But it would take more than nine years to convict Curtis.

@1903oprc @huntercurtis14 @pixiecurtis ❤️ 8 | 6 | 16

A photo posted by Roxy Jacenko (@roxyjacenko) on

And in that time, Curtis, who was no longer in touch with Hartman, then behind bars, met a successful publicist on Sydney's social circuit, Jacenko.

What followed was a Christmas Day proposal and the birth of their first child, a girl, Pixie. Next, a fairytale wedding ceremony at Quay restaurant with Sydney's Opera House as the backdrop.

The bride wore Vera Wang and the occasion was splashed across the social pages: PR darling weds investment banker. A power couple was born.

Two years later, they welcomed their second child, a baby boy, Hunter, into the world.

An Already Public Life

Curtis pleaded not guilty to the charges and has attempted a quiet life as the primary carer for their two young children for the past three years, despite his wife's public career.

He had the support of his wife throughout the trial though the media coverage, at times focused more on Jacenko, with her courtroom outfits being discussed and disparaged almost as much as the case itself.

The media attention is not foreign to Jacenko, who has built a successful career on garnering headlines not only for her clients, but for herself.

Roxy Jacenko attending the Crown Resorts Ladies Lunch at Inglis Stables at Inglis Newmarket Stables in March 2016.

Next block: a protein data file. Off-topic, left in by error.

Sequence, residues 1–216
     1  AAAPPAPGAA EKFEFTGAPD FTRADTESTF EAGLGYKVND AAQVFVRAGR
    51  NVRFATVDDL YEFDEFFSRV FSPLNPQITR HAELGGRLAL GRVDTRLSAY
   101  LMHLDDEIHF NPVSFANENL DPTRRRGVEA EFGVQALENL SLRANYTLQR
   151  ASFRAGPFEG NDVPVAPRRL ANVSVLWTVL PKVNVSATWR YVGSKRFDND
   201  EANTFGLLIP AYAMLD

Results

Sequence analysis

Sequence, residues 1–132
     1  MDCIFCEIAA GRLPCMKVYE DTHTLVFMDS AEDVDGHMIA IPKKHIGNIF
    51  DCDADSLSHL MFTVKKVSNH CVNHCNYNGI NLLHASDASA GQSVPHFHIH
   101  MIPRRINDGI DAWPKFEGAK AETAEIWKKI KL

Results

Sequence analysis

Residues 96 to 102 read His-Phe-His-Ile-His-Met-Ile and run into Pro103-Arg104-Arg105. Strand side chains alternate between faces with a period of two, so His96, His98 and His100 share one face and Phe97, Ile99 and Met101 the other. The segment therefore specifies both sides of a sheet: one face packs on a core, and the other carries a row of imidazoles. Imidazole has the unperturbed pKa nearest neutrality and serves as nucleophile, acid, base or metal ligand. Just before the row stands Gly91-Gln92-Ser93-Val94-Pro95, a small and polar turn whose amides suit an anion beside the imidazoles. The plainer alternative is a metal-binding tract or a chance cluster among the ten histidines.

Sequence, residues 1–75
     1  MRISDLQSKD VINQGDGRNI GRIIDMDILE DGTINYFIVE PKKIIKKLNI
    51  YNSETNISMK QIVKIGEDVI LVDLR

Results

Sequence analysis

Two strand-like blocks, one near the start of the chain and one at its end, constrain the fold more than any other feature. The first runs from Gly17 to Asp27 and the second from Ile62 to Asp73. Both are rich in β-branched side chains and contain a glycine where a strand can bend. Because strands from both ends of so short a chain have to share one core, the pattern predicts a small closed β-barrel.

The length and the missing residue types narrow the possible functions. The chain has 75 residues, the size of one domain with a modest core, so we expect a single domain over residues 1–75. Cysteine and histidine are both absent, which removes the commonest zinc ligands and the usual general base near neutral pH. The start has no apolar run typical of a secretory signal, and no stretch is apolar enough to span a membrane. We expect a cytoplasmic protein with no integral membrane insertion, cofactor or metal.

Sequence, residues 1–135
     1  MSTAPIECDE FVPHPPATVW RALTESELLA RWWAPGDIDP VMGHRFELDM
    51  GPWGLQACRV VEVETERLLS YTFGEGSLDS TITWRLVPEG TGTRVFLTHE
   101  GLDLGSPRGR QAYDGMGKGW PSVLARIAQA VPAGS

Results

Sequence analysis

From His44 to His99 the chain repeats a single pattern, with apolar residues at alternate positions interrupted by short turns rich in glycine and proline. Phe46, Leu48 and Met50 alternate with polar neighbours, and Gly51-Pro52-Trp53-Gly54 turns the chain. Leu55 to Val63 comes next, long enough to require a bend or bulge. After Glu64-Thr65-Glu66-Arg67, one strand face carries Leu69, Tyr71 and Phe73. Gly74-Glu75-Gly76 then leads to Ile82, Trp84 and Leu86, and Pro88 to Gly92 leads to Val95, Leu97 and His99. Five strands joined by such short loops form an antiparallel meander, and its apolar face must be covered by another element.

Straight-talking and no BS, the country got their first taste of the PR maven when she appeared on the third season of Celebrity Apprentice. It was here that we witnessed the businesswoman-of-steel in action.

Having founded her business, Sweaty Betty PR at 24, Jacenko is known for making things happen. And fast.

A hard-worker and self described "obsessive" she has become the role model for budding PRs across the country.

She launched talent agency Ministry of Talent in 2012 and is the director of Pixie's Bows, an online children's accessories store. But her success hasn't been without its critics.

Photo by Caroline McCredie/Getty Images
Roxy Jacenko and daughter Pixie Curtis attend Mercedes-Benz Fashion Week in 2016.

She's spoken openly about her nose job, passionately defended her decision to allow her four-year-old, Pixie, to have a social media account (100,000 followers and counting), written three books and has stood by her husband throughout his conviction.

Her "In Conversation With Roxy Jacenko" workshops have sold out two years running, with 700 attending this year's seminar, rather untimely, on the morning of her husband's sentencing hearing.

Still, it was business as usual for powerhouse Jacenko. As was the case with Friday's sentencing.

The Aftermath

Each day of the trial Curtis and Jacenko presented a united front, arriving together and holding hands. It was reported that Hartman did not look at Curtis, avoiding his eye contact throughout the entire proceedings.

Beneath the glossy exterior, two young children lost their father for potentially 2 years on Friday. A childhood friendship was ruined forever and the wrongdoings of two affluent 20-something men from Sydney's north shore were made an example of by the corporate regulator.

But behind this story of wealth, privilege and success is a tale of white collar crime -- and that's the now the story of Oliver Curtis.